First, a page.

The sharp reversal in correlations since the election may be concerning. If net lease REITs "catch-up" to the treasury price benchmark that they have closely mirrored, it would imply 15% more downside. We think this concern is unwarranted, as it ignores the true investment properties of these companies, namely the inflation-hedging qualities. By our estimates, more than two-thirds of leases from these six REITs are linked to inflation.
To the extent that rising interest rates are a result of rising inflation expectations and not higher "real" interest rates (which reflect the true cost of borrowing), net lease REITs should not be negatively impacted. In fact, these REITs could see increased attention from fixed income investors seeking inflation-hedged alternatives.
Over the past two years, price action in net lease REITs has been entirely dominated by interest rates and macroeconomic fluctuations, which has made fundamental analysis rather fruitless. This may change if, in fact, we are entering a new regime of lower correlations. That would be a positive change considering the strong operating fundamentals currently exhibited by the sector.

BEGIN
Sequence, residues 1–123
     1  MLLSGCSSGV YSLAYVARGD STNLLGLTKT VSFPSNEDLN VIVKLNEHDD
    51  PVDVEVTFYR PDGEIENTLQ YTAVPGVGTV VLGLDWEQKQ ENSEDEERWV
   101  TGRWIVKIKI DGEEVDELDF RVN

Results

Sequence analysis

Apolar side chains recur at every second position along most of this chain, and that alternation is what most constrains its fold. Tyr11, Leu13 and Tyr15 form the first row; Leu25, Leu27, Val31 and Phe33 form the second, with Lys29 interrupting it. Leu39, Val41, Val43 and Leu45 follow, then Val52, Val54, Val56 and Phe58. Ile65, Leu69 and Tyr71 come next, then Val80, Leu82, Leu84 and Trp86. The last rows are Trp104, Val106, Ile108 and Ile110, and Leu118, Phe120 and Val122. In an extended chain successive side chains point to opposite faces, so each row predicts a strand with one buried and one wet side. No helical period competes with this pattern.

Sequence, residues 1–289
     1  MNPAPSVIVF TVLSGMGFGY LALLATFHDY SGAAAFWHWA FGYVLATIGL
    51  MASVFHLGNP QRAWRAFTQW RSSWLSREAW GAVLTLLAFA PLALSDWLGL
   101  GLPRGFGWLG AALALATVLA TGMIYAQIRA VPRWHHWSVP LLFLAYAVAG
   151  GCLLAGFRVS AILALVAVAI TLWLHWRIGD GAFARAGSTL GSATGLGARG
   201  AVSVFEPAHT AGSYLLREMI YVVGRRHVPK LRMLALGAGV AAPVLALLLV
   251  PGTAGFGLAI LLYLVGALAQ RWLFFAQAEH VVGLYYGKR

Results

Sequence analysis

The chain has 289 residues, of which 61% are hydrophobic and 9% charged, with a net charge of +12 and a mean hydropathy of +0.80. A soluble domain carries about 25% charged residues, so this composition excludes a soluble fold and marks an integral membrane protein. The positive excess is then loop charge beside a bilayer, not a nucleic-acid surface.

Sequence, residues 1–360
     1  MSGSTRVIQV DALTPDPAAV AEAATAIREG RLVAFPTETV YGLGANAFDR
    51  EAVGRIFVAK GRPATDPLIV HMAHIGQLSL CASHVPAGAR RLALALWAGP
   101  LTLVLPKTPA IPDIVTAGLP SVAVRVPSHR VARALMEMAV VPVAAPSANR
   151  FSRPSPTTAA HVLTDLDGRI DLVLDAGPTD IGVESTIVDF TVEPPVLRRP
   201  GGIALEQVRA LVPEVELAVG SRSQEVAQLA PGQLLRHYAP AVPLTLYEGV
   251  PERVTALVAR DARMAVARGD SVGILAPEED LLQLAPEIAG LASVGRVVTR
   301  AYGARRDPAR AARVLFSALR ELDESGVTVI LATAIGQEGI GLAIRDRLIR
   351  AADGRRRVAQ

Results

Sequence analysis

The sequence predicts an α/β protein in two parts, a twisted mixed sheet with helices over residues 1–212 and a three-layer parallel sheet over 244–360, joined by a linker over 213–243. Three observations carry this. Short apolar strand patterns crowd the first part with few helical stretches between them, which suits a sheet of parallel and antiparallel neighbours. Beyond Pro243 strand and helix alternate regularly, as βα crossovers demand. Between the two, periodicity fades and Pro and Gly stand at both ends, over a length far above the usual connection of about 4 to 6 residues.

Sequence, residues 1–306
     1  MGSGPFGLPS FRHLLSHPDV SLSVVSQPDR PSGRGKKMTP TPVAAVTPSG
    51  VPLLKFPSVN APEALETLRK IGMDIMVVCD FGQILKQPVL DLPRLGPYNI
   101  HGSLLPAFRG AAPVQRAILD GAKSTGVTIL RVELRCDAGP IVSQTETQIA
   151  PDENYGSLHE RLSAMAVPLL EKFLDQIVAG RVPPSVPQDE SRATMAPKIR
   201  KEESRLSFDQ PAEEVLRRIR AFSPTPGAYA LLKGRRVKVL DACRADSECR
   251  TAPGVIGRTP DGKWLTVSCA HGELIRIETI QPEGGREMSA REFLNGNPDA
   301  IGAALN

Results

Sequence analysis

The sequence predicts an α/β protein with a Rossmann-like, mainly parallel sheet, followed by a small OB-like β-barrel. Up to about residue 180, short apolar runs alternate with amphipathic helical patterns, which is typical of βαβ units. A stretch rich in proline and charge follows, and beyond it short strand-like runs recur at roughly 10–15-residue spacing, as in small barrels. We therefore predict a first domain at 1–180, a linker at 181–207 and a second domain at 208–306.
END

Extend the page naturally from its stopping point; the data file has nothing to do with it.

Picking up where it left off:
Q3 earnings were generally quite good. Of the six net lease REITs, 3 beat expectations, 2 met, and 1 missed. WPC, VER, and STOR beat, SRC and O met, while NNN missed expectations. For all six, 2016 and 2017 guidance was generally as expected. Average occupancy exceeds 98% and same-store rent growth continues to be healthy.